You don’t want to be you tonight. For a change, you want to be someone who is capable of following through with their goals; someone who does not again and again fall to the same old useless pattern because they’re stuck in their familiar comfort zone.
Today, you want to be someone who, after they’ve decided what they wanted, would conjure up the sufficient patience to carry it through and the courage. You lack the courage.
You have a clear view of what you want, and by now you think you know just how to become that- how to achieve what you’ve been dreaming of for so long. Yet you find yourself stuck. Maybe not literally, maybe you’re moving, but it is SO slow that for the naked eye -including yours- you’ve only been tottering in place. Which is even worse.
It is true what they say: when you change, you destroy a part of who you are. No matter how useless or bad that part of yourself is, it is still you, and it was in you for a reason. A long time ago, your soul has invited this part inside. But it’s not your soul’s fault. At that time, maybe it was the only visitor, and you were so lonely that your soul agreed to let it in.
After all, your soul is only looking after you. It would never have allowed such a dangerous thing to enter the most sacred and sensitive parts of you had it known that it would turn from a temporal visitor to a clinging full-time resident. It most definitely would not have let it in had it known it would become excruciatingly hard for you to kick it out.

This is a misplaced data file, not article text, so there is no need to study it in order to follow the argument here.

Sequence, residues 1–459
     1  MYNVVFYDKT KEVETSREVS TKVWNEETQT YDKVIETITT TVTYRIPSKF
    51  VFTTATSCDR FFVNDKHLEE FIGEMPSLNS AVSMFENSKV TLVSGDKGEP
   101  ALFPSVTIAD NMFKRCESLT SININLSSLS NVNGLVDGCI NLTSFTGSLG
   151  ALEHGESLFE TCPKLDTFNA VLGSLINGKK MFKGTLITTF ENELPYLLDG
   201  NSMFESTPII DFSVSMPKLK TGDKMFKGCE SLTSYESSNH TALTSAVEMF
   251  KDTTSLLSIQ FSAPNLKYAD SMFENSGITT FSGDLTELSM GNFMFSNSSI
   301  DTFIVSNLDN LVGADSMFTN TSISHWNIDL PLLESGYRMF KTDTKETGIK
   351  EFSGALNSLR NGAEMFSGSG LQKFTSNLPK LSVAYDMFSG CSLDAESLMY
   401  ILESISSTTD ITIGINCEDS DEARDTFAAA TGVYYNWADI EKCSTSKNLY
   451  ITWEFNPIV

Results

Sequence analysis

When it first arrived at your soul’s doorstep it looked week and harmless, but you unknowingly fed it well and helped it grow so powerful. Now, it had entitled itself for deserving as much right of you as any other part of you rightfully does.
Time in time, you forget that it was once only a lonely beggar knocking feebly on the doors of your heart and mind. You forget that had things been different, you could have never opened the door. But of course the idea is most ridiculous; who would have you turned out to be without it?
No matter how much you resent it, despise it, and loathe the nonliving pieces of it, you know that without it you would not have turned out the way you have. Indeed, you like how you turned out- minus it. As hard as it may be to admit, you owe it. You know it’s the truth, and you hate it even more for that.
So what can you do? If there is a book or a movie about a villain posed as a resented full-time visitor, hurriedly refer to it. You’ll need all the advice you can get. It is a battle. You discover as you try to get rid of it, that it had glued itself to your soul ever so slyly, and you cannot risk tearing it off because you are uncertain of how much of your soul you would lose forever with it.
So it became like cancer, if there was such a thing as a needed cancer. For that, you must become your own chief surgeon. You alone must decide whether it is safe to pursue the operation, or if it is too late. You alone must calculate the advantages and the potential costs. Patients have it easy, they’ve got someone to blame: the hospital, the doctors, the equipment… But you? You are the patient and the doctor. You are the ailed and the healer. It all comes down to this: You have a Band-Aid in your soul, are you willing to rip it off?